Category Archives: trade

U.S.-China Trade Recovery Slows to Near Stall in May 2021

According to trade data published by the U.S. Census Bureau, the year-over-year growth rate of trade between the U.S. and China slowed dramatically in May 2021.

Year Over Year Growth Rate of U.S.-China Trade, January 1986 - May 2021

A large portion of that year-over-year decline was expected, because it follows the trade recovery that began after the volume of trade between the two countries bottomed in March 2020 as the first wave of the coronavirus pandemic ended. However, the just-released data on imports and exports between the two countries fell significantly below projections for May 2021. Consequently, the gap between the trailing year average of the volume of trade between the U.S. and China and a "no coronavirus pandemic" counterfactual barely changed from the previous month:

Combined Value of U.S. Exports to China and Imports from China, January 2008 - May 2021

The size of that monthly gap peaked at $10.6 billion in October 2020 and had fallen to $7.5 billion through April 2021 as the trade recovery gained steam. May 2021's gap however was $7.4 billion, changing little from the previous month as the growth in the volume of trade stalled.

The following analysis discusses several of the major factors that contributed to May 2021's figures:

China's trade growth showed slower exports but faster imports. What's behind this divergence?

Exports in May 2021 grew 27.9%YoY, which is slower than the consensus expectation of 32% growth.

The main reason for the shortfall is that all export items related to semiconductor chips have slowed.

Auto processing products and parts, the biggest export item, fell 4%YoY in terms of export value. This is most likely the result of the semiconductor chip shortage.

The analysis also points to a new wave of coronavirus infections in China, which also negatively impacted trade logistics:

Since the end of May, there have been around 10 Covid cases daily in Guangdong, where most electronics factories are located.

Shipments from the port in Shenzhen that process most of the electronic throughput have been affected by Covid. Port workers now have to have Covid tests and port operations have been disrupted.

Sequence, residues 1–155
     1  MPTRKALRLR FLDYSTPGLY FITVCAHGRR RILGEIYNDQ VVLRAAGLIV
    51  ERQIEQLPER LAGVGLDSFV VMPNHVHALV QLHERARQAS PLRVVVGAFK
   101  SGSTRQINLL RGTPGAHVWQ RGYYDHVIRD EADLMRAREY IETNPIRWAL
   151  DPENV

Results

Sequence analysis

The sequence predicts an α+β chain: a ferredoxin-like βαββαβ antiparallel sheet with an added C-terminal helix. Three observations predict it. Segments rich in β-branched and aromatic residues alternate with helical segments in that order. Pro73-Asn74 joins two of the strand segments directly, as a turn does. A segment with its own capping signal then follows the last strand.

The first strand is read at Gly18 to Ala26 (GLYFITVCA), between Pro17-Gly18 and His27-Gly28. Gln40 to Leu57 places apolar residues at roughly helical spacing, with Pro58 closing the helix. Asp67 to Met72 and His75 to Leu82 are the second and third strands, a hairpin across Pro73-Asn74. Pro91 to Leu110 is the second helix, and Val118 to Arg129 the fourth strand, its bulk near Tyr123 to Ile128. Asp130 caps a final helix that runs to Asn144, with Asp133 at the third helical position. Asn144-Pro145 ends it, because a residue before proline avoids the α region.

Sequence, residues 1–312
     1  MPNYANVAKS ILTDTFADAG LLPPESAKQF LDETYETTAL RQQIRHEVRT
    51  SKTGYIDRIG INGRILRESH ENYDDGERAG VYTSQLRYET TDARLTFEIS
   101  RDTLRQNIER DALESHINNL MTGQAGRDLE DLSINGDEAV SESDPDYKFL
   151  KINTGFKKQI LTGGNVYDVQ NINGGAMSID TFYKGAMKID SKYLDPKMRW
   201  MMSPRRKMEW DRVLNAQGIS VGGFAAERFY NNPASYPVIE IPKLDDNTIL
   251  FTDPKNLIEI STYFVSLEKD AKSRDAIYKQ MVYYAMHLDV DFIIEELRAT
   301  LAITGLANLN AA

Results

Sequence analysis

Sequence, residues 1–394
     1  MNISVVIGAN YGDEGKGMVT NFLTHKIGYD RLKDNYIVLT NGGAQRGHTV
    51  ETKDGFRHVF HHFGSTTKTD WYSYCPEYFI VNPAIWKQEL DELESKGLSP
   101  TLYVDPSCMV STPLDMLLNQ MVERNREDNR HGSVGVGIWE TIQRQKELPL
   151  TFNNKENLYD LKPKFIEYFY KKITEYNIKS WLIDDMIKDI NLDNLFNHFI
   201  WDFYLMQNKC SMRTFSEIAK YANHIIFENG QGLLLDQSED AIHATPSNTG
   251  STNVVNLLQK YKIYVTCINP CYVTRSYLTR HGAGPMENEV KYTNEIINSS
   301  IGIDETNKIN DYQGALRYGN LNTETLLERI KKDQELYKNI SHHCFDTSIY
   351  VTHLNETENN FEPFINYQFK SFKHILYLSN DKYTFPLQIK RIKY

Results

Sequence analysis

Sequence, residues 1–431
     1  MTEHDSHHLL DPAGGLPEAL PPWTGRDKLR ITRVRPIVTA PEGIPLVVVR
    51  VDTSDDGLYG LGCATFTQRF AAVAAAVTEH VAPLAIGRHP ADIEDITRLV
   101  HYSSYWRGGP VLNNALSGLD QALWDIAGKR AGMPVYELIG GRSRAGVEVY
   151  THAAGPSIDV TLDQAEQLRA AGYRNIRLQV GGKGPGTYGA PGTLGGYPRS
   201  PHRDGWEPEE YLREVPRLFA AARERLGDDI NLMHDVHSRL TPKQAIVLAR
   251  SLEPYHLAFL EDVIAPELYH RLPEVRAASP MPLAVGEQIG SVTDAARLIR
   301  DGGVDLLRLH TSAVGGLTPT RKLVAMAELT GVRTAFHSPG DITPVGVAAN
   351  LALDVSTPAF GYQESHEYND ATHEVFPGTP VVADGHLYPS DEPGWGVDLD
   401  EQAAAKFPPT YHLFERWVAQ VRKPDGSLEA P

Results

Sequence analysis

Some factories in Guangdong were also affected by Covid, mostly caused by workers queuing up for testing.

These factors are expected to continue negatively impact the data for June 2021, which will be published early next month.

References

Board of Governors of the Federal Reserve System. China / U.S. Foreign Exchange Rate. G.5 Foreign Exchange Rates. Accessed 5 July 2021.

U.S. Census Bureau. Trade in Goods with China. Accessed 5 July 2021.

How Much Has the Coronavirus Pandemic Shrunk U.S.-China Trade?

We skipped it last month, but we have an updated snapshot of how much trade has been lost between the U.S. and China as a result of the coronavirus pandemic.

Combined Value of U.S. Exports to China and Imports from China, January 2008 - April 2021

With January 2020's 'Phase 1' trade deal, the volume of trade between the U.S. and China should have begun recovering in February following the truce in President Trump's tariff war with the country. Instead, it plunged through March 2020 with the coronavirus pandemic starting in China before beginning to recover. In April 2021, the volume of trade is $9.7 billion higher than April 2020. The gap between the trailing year average of trade between the two nations and a 'No Coronavirus Pandemic' counterfactual shrunk to $7.5 billion in April 2021. We estimate the cumulative loss is $116.8 billion.

Speaking of which, the Biden-Harris administration has bought into the tariffs on Chinese goods, claiming they saved U.S. jobs, which means they won't be going away anytime soon.

No economists were asked if they agree with the Biden-Harris administration's assessment, though one labor union that endorsed the Biden-Harris administration supports the tariffs.

The thing to watch during the rest of 2021 is how much the gap between the trajectory of the combined value of trade between the U.S. and China and the "no coronavirus pandemic" counterfactual trajectory narrows during the year. The gap between actual and "what if" peaked at $10.6 billion in October 2020 and has narrowed in each of the months since.